It is unlikely anything malicious is happening, but if it is the DOL would likely help you uncover it. Most likely what seems to you to be a "simple" fix may actually be very difficult. Certain software systems have strange restrictions (I worked at one place that automatically applied overtime for more than 8 hours worked on any given day) or it may be lack of attention to detail on the part of HR. There are employment arrangements where the employee works two 24-hour shifts (like all weekend) and then is off the remainder of the week. So there may be reasons but not obviously malicious ones.

The suggestion to ask your employer is reasonable. The fact they are providing you with a document that does not reflect true circumstances should at least warrant an explanation from them (i.e. "we have a stupid payroll software system" or whatever). And from your question there isn't anything obvious that they would gain by misrepresenting your time either (i.e. they are avoiding taxes or might have federal funding withheld).


There is probably a simple explanation. The solution is simple, ask whoever is doing payroll. It's normal to enquire if there is a problem with payroll which worries you.


Depending on your location, there may be a maximum daily hours worked with mandatory overtime.

IMHO, if its large company, talk to HR, if small, your manager

i don`t think you should leave it as is

  • Well, he has updated to say Texas. I can't remember the US laws, but in Germany, for instance, it is illegal to work more than 10 hours per day and the employer could face a very heavy fine. Other European countries have similar laws. There are also laws which stipulate breaks depending on hours worked. I think up to 6 hours it can be either no break or 15 minutes, after 6 hours you must take a 30 minute break, another break at hours. There are good health & safety reasons for this, you are unlikely to be productive if you work a straight 12 hours, and could be a danger. – Mawg Sep 4 '18 at 6:21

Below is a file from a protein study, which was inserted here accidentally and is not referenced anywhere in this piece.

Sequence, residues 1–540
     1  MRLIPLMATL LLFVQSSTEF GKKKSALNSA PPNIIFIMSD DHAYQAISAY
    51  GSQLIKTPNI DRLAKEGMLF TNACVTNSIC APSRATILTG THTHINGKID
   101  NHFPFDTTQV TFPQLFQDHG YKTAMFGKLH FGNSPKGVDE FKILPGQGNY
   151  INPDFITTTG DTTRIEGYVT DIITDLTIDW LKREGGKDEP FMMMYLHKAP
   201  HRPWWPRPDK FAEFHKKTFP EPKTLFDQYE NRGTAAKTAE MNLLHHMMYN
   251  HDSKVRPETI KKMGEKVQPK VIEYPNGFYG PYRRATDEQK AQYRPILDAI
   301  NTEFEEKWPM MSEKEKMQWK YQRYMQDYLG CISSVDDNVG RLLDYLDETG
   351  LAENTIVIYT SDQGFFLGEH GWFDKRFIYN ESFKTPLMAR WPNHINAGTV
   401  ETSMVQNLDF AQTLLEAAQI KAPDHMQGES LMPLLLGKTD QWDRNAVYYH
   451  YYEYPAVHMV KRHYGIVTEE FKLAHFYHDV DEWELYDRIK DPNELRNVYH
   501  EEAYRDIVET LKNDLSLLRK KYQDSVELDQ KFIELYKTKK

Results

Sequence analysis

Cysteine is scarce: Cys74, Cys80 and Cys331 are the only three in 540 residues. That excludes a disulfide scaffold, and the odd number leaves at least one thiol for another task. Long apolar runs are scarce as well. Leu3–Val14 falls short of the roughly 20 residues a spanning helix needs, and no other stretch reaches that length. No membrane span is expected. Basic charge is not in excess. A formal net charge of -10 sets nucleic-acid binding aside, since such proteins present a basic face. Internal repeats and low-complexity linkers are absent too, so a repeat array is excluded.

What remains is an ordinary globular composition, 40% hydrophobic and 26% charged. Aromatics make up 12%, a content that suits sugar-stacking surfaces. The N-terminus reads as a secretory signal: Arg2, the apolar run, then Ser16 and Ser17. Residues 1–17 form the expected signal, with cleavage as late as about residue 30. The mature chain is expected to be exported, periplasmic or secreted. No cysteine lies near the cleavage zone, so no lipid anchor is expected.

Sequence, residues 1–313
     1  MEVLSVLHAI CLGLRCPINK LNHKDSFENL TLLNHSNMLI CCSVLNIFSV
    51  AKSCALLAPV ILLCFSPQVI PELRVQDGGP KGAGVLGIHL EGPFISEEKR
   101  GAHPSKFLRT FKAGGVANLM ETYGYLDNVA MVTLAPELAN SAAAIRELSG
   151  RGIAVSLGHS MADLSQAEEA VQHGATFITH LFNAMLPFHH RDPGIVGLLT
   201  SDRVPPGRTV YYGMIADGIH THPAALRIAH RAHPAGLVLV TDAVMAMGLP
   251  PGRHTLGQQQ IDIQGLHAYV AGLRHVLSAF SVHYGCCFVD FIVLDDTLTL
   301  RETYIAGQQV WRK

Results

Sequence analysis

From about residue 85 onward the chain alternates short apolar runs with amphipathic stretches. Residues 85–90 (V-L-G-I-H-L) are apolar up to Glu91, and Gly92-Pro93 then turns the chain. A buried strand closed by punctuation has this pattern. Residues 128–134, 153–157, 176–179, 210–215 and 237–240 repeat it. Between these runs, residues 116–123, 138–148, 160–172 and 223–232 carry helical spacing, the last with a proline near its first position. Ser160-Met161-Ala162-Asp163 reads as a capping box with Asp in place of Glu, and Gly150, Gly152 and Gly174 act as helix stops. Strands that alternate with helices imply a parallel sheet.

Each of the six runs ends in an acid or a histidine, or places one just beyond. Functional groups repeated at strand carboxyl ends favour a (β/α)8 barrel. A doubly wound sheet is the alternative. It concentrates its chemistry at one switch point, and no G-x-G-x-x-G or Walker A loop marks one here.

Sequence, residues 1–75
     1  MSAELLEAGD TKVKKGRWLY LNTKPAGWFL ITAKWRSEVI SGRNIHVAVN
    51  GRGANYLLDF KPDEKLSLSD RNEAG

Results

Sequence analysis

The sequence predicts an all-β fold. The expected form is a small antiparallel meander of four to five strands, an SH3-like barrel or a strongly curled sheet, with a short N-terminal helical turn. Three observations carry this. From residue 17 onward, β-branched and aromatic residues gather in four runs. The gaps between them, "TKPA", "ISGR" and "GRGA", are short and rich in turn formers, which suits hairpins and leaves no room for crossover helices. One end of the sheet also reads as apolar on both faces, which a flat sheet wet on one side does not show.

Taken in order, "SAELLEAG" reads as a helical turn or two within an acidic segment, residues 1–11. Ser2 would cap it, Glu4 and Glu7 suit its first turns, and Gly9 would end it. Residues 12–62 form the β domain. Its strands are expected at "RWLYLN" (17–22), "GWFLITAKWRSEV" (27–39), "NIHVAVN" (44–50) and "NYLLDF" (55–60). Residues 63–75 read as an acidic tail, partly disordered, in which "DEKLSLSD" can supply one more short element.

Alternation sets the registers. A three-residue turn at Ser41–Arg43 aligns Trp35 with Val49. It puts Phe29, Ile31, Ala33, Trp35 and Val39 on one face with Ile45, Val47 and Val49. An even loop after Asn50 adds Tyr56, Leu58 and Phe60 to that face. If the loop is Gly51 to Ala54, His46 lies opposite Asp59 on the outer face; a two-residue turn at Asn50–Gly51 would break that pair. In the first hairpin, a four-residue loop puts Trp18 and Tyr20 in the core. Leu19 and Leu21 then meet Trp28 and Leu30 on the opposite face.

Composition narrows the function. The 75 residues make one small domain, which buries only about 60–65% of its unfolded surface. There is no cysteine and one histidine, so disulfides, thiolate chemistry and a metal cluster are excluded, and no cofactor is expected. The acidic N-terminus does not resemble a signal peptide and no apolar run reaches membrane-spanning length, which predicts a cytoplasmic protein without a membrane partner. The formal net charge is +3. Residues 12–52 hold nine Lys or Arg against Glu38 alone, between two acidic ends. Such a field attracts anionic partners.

• This has led to me leaving early to avoid having to take a break, which would not be paid as I am self-employed. Not that that is relevant here. It could simply be that the employer wants to hide the fact that they are breaking labo(u)r laws, as you say – Mawg Sep 4 '18 at 6:22

In my company any work before 6 a.m. or after 8 p.m. is overtime and compensated extra.

Maybe there are similar rules in your company or jurisdiction and your employer doesn't want to pay the extra. If you work 14 hours / day it's more likely to work after or before such hours.

In addition in my jurisdiction you are only allowed working 10 hours / day (with several exceptions) and after 6 hours there's a mandatory break of 30 minutes. Your jurisdiction may have similar rules, which are broken by working 14 hours / day regularly.

Be aware there may not only be laws regarding worktime and overtime, but also insurance regulations, e.g. if you get injured while working.

I would just ask a naive questions whoever is responsible for your payroll. Depending on the type of their answer you might get a feeling, if there's something shady going on.


Not a lawyer, but they could be running foul of some local labour laws. Some here have already pointed out overtime in their answers, but there could be others (breaks you are entitled to but not given, maximum length of a shift, mandatory rest periods after a shift, etc.)

I'd talk with a lawyer about this if you want to pursue it.

  • Why talk to a lawyer? They are expensive. Better to talk to the person doing the payroll. Most probably just a human error or oversight – Ed Heal 18 hours ago